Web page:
Dental Crowns

A dental crown is used to “cap” a tooth that has been damaged due to a large cavity, fracture, or crack. Most importantly a crown strengthens the tooth and allows it to remain functional. A crown is permanently cemented or bonded to the existing tooth structure and once placed can only be removed by a dentist. There are several different materials that can be used to fabricate a crown including but not limited to: porcelain, porcelain fused to metal, gold, all ceramic. 

Your Dentist to may recommend a crown to:

  • Restore a tooth that has 3 or more surfaces decayed or missing
  • Protect a tooth after root canal treatment
  • Restore a dental implant
  • As support for a removable prosthesis
  • Improve the esthetics of a discolored or abnormally shaped tooth

Crown Types

Full Porcelain (All ceramic)

Full porcelain crowns offer a very esthetic solution. These are the most common type of crowns used today. The disadvantages of porcelain crowns are that they are abrasive to the opposing dentition and they are brittle compared to porcelain fused to metal or full metal. Full porcelain crowns are often appropriate options for teeth in the front that are visible in a your full smile.


Full metal crowns offer the highest strength and longevity. They are also very resistance to wear and are thus good options for the molars. Another benefit of a full metal crown is that it requires only a minimum amount of removal of existing tooth structure.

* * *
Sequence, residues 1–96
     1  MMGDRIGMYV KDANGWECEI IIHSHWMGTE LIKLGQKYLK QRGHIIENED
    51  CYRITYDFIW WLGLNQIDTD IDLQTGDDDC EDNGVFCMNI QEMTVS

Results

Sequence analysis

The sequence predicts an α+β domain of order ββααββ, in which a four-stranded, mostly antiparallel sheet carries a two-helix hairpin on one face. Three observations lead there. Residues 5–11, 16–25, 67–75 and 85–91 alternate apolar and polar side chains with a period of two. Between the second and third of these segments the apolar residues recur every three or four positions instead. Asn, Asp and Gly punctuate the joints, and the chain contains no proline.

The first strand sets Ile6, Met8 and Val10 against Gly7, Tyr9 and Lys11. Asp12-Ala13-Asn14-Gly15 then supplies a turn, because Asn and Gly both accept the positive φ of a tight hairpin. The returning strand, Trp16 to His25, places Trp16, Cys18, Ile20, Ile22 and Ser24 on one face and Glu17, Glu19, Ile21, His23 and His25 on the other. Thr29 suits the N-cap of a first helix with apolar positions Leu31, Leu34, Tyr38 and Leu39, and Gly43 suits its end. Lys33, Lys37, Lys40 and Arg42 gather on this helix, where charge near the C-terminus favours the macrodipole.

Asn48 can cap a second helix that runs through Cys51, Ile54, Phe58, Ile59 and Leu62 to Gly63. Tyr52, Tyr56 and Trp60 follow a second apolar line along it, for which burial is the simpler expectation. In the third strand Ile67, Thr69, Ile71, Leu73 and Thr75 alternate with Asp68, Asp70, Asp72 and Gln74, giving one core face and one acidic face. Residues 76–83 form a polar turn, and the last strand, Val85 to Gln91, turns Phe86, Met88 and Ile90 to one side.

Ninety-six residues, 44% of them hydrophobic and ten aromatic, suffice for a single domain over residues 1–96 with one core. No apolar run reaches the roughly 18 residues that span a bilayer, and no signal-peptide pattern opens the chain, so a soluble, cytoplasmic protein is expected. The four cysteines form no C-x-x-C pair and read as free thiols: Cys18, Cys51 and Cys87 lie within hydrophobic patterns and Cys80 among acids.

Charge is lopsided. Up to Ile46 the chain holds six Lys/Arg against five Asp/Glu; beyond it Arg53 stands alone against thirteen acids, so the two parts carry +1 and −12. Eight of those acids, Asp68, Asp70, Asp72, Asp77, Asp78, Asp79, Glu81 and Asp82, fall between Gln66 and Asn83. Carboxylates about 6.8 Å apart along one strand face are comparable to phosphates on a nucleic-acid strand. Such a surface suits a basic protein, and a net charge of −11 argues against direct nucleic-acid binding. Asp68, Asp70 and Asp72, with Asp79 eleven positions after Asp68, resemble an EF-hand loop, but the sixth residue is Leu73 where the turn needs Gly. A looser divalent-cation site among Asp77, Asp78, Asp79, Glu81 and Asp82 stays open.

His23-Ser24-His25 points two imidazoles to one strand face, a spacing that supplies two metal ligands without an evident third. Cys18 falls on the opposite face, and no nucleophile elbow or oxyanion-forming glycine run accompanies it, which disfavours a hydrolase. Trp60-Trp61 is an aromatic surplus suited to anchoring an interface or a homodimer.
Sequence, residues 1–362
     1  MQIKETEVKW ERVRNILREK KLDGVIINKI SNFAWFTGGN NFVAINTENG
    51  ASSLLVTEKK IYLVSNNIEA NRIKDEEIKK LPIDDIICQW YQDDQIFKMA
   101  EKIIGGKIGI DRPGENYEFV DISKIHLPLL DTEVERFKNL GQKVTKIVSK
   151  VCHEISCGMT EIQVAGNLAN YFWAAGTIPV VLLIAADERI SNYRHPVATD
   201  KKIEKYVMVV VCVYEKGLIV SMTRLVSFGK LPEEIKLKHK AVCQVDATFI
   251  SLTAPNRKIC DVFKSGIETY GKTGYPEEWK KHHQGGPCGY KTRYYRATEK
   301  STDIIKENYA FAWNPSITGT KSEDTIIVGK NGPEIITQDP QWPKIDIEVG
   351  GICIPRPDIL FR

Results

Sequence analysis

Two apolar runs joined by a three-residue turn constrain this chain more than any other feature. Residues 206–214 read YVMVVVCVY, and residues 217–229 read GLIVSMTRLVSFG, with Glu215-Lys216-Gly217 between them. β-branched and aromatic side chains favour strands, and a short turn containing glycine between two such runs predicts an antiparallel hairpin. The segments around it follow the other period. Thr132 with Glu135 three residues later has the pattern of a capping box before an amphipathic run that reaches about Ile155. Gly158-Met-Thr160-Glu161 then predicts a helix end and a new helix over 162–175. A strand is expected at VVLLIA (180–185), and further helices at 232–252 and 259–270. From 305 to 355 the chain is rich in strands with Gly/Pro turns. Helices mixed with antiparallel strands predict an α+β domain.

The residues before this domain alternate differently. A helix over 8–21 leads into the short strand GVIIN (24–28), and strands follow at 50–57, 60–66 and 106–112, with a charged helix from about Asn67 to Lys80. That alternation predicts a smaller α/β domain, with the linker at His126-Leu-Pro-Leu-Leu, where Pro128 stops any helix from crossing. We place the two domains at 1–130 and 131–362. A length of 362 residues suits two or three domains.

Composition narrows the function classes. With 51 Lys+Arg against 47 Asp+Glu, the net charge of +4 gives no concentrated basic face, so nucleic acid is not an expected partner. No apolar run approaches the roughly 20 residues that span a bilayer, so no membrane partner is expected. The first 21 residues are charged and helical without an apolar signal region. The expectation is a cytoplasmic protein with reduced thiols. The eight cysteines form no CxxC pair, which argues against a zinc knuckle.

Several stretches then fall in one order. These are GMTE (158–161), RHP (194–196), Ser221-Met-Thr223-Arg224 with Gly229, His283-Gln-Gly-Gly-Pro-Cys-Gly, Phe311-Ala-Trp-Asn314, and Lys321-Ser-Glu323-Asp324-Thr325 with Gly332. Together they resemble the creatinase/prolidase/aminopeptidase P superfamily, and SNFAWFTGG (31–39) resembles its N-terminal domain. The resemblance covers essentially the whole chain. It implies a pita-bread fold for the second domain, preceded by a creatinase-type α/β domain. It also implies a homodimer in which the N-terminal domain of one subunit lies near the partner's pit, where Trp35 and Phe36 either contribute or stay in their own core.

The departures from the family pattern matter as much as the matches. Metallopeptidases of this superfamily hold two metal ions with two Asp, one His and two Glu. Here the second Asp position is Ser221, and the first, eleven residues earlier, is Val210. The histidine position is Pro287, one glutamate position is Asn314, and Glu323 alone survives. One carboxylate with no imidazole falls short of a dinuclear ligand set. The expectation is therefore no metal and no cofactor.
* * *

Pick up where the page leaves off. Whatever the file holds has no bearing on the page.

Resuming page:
A porcelain-fused-to-metal crown offers the combined benefits of the two materials. It is durable but also a good esthetic option. The crown is coated in porcelain while the underlying layer is made of metal. The one disadvantage of this material is that it requires more removal of natural tooth structure and is still not as esthetic as a full porcelain crown.

Patient Experience

If is deemed necessary to receive a crown by your dentist, a conversation will be had about the different types of materials that are available and the best treatment option for you. Your dentist will determine this by analyzing your bite, bone structure, and gum health. The crown will typically consist of two visits: one visit to prepare the tooth to receive the crown and one visit to cement the lab-fabricated crown.